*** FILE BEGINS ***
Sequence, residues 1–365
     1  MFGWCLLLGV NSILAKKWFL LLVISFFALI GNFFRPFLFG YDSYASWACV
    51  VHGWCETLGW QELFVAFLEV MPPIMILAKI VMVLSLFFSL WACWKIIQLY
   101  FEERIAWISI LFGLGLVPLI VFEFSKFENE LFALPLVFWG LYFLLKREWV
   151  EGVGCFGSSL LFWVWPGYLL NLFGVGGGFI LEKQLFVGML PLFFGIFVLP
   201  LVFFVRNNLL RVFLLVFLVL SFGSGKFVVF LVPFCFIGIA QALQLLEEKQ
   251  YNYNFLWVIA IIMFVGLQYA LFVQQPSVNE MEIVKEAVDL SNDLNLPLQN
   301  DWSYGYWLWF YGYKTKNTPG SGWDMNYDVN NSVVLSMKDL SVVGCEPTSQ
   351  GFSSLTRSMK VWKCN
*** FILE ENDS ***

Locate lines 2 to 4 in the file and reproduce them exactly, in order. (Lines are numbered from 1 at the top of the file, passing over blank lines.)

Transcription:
     1  MFGWCLLLGV NSILAKKWFL LLVISFFALI GNFFRPFLFG YDSYASWACV
    51  VHGWCETLGW QELFVAFLEV MPPIMILAKI VMVLSLFFSL WACWKIIQLY
   101  FEERIAWISI LFGLGLVPLI VFEFSKFENE LFALPLVFWG LYFLLKREWV